In this article you’ll learn some tips that pensioners can use to find the right car insurance policy for their needs.
Insurers calculate premiums based on risk1. Similar to young drivers, insurers consider older drivers to be ‘higher risk’, and may begin to increase your premiums accordingly. This means that you could start paying more, even with a safe driving history several decades long.
A driver’s risk changes depending on their age, for example:
Despite this, seniors have a lifetime driving history that could be used to their advantage. They also receive senior discounts in many areas, and it may be possible to find an insurer that also offers these3.
Senior drivers are considered high-risk for very different reasons to young drivers. Whereas young drivers often display unsafe driving behavior1, senior drivers are often more cautious and try to avoid risky situations by regulating their own driving behaviour.
Instead, the risk comes from physical and mental changes that occur as we age, for example1:
You may be able to delay premium increases if you have a safe driving record and maintain good health. However, once you turn 60, it’s a good idea to review your car insurance to make sure your premiums aren’t unnecessarily high. You may not be receiving all the benefits you could be, or you may find that another insurer offers a better deal.
As a senior driver, you’ll likely face licensing restrictions depending on which state you live in. Here is a breakdown of restrictions by state:
QLD has a strict requirement that every driver 75 and over needs to carry a “medical certificate for motor vehicle driver” form whenever they drive4. Drivers face fines if they don’t present it when asked.
In NSW, the following regulations apply5:
In the ACT, drivers 75 and over must have an annual medical assessment. Drivers must legally report any medical condition that may affect their driving6.
While there is no requirement for senior drivers to pass regular medical assessments in Victoria, you must legally tell VicRoads about any conditions that could affect your driving as soon as possible7. You may then be required to attend regular medical assessments.
The Tasmanian government recognises the importance of maintaining a driver’s licence as you get older, so they have minimal rules in place for senior drivers8:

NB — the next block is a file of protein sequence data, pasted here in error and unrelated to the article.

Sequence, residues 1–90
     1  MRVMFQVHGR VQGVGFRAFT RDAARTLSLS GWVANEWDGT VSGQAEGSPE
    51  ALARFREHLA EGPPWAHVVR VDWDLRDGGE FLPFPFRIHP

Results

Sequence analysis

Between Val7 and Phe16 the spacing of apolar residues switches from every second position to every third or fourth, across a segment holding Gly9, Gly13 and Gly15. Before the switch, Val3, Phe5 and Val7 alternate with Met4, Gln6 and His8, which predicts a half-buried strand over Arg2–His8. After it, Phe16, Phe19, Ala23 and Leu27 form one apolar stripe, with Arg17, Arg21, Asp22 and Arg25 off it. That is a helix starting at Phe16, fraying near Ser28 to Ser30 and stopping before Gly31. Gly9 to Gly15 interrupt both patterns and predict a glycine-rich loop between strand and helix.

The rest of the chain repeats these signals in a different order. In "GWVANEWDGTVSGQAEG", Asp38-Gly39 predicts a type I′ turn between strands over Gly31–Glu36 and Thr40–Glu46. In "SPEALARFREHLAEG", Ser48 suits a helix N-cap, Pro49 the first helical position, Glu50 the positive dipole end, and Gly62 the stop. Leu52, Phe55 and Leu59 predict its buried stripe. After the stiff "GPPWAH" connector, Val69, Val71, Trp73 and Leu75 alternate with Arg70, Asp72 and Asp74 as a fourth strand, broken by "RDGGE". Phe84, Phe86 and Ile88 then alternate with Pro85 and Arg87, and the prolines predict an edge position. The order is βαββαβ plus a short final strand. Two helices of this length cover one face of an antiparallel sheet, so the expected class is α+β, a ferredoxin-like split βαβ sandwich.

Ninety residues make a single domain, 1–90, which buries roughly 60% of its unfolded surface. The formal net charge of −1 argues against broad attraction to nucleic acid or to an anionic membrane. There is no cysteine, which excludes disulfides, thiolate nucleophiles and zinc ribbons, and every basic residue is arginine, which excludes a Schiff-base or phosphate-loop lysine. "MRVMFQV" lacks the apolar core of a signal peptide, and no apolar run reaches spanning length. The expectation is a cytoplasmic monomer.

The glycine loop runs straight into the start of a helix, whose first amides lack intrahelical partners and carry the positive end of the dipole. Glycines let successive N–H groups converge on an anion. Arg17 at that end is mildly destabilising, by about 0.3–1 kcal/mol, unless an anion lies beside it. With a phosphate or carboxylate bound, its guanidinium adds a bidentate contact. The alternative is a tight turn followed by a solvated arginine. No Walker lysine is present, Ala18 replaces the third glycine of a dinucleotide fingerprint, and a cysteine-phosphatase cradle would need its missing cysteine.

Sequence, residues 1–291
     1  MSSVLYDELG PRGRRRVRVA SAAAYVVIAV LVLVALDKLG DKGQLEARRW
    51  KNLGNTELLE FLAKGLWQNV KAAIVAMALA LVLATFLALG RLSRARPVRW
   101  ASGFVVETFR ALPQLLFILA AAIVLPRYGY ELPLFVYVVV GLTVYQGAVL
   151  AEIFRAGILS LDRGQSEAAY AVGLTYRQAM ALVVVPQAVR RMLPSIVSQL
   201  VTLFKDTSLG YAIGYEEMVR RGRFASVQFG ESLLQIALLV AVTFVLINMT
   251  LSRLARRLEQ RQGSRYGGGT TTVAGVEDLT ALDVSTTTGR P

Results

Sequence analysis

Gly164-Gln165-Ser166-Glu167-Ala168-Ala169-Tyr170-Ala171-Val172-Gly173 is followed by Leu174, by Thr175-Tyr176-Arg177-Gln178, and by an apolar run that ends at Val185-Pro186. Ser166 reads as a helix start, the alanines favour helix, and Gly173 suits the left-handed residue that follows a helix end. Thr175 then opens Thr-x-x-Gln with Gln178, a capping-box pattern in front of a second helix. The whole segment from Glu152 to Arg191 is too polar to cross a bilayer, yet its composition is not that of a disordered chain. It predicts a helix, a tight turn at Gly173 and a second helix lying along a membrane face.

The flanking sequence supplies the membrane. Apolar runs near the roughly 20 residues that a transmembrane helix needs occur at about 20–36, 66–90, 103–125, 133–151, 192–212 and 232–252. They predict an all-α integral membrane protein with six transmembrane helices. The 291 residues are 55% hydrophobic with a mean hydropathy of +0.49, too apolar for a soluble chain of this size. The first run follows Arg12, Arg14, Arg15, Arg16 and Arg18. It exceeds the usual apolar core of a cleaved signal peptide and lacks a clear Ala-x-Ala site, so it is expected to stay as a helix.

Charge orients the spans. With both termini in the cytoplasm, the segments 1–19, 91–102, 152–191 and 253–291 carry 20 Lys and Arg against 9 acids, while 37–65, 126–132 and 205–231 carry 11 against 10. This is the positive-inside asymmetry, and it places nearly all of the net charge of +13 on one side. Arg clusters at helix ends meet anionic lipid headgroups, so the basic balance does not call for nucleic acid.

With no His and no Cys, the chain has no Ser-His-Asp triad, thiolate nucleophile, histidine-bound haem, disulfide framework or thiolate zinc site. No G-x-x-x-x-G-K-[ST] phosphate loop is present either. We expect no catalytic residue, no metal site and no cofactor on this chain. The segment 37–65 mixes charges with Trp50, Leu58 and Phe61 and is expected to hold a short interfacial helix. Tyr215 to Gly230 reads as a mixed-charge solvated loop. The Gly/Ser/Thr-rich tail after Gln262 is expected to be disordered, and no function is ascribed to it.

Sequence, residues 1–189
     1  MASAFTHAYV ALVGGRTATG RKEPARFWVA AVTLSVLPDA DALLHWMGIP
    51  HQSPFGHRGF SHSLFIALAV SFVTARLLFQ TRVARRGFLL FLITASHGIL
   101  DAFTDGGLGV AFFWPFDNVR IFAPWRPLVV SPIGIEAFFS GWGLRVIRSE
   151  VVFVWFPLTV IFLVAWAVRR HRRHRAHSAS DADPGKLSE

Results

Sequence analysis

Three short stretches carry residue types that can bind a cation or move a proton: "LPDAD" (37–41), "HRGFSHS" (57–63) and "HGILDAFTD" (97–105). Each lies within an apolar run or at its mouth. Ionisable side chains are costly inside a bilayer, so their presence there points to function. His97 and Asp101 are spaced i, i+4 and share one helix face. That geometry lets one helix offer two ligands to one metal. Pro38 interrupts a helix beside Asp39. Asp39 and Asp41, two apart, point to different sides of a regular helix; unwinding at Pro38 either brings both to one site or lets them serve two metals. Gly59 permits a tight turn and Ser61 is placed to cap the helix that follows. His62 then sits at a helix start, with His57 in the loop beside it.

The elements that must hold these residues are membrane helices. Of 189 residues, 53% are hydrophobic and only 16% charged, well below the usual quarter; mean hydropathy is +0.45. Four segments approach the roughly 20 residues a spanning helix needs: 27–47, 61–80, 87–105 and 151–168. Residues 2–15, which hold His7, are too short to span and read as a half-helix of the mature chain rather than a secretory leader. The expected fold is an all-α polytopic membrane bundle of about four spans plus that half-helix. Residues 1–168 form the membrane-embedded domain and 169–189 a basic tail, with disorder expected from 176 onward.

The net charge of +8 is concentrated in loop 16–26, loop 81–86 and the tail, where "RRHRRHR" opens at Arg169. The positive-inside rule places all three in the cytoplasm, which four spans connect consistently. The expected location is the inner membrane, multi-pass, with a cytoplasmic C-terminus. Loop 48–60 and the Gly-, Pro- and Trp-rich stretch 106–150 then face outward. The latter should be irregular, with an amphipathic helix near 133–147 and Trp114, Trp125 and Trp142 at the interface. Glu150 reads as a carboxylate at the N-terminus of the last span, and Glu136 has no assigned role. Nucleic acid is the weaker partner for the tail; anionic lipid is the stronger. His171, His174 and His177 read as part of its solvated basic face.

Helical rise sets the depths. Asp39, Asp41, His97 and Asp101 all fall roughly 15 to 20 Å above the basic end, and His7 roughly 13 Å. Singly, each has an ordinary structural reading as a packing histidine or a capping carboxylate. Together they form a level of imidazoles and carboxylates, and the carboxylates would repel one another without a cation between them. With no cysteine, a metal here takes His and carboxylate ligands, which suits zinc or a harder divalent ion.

Seniors in South Australia are not required to pass an annual medical test, unless they have a known medical condition that needs to be regularly assessed9.
Instead, drivers 75 and over must complete a self-assessment form every year. If they answer yes to any questions, they must complete the assessment with a doctor. Senior drivers must only take a practical driving test if recommended to do so by a doctor.
In WA, senior drivers over 80 must10:
Drivers 85 years an over must take the practical driving assessment every year.
In the NT, drivers are expected to self-assess their driving ability11. However, doctors are legally required to tell the Registrar of Motor Vehicles if they have assessed someone as unfit to drive.
As with any age group, there are ways senior drivers may be able to reduce their premiums:
It’s worth checking with your insurer to see if they offer senior discounts. If they don’t, try asking other insurers before settling for your current policy.
If senior discounts aren’t an option, your safe driving history may be an advantage. Check with your insurer to make sure your premium accurately reflects your no-claim status12. If their rewards are minimal, it’s a good idea to check with a few insurers, as your driving history is usually transferrable.
If you’re driving less, you may be able to find a pay-as-you-drive policy that better meets your needs12.
If you no longer have under-25s driving your car, you may be able to add an age restriction to your policy. This can help reduce your premium by reducing risk related to young drivers12.
If you have more than one type of insurance, it can often be a good idea to have them through one insurer12. If your current insurer doesn’t offer loyalty rewards, you may find another that does.
Choosing a higher excess can help reduce your premium, but make sure it’s still affordable, as you don’t want to be out of pocket in an accident.
Insuring your car for its market value can help save you money on your premium12. Your insurer may offer to insure it for an agreed value, but this is usually higher than market value and can increase your premium.
iSelect can help you compare car insurance policies from our range of providers. Simply call us on 13 19 20 or start comparing online today.